It’s also *been shown that animal pollinated crops are able to provide vitamins, antioxidants and other essential nutrients to the human diet as well as improve the nutritional value of some crops. Apart from the fact is seems morally wrong to do nothing, for nutritional reasons hand pollination should only be considered as a last resort.
Food crops aside, pollinators are important in our floral world too. It’s been estimated that 78% of flowering plants need animal pollination – what a bare island we’d live on without the bees and hoverflies!
Pollinators fight our pest problems
Some pollinators such as hoverflies (of which there are 180 species in Ireland) don’t just pollinate plants, they help organic growers fight pests too. Hoverfly larvae feast on aphids so planting flowers around our gardens such as Limnanthes that attract them, helps to keep aphid numbers down and cut the need for spraying.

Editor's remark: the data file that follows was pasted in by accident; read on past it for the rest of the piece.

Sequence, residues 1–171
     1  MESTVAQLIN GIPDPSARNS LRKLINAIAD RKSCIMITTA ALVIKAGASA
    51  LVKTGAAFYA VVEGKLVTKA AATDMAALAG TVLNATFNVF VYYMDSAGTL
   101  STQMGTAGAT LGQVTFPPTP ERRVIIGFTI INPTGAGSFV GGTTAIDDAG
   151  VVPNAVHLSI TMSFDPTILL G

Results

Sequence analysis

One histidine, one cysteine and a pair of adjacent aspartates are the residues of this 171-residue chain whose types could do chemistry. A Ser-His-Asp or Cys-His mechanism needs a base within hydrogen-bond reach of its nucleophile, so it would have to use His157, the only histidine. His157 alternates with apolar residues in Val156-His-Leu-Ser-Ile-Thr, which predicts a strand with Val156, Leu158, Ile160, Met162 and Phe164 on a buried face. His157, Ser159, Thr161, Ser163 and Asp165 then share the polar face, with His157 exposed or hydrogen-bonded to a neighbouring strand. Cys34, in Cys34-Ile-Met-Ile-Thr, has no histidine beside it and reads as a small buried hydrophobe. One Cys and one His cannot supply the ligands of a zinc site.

How Can We Help Pollinators?
There are several things we can do to help pollinators; choosing just one or two would be a great start for the year.
No 1. Stop using chemicals
I’ve written several articles on ways we can avoid using chemicals and sprays in the garden. Perhaps 2016 will be the year that the tide turns and people stop using them.
There are all sorts of pressures on Ireland’s pollinators that include loss of habitat, hunger, sickness, changing environments; however, poisoning is another and it’s preventable. Avoiding the use of neonicotinoids as well as herbicides that kill essential food sources for pollinators would help to see an improvement in numbers.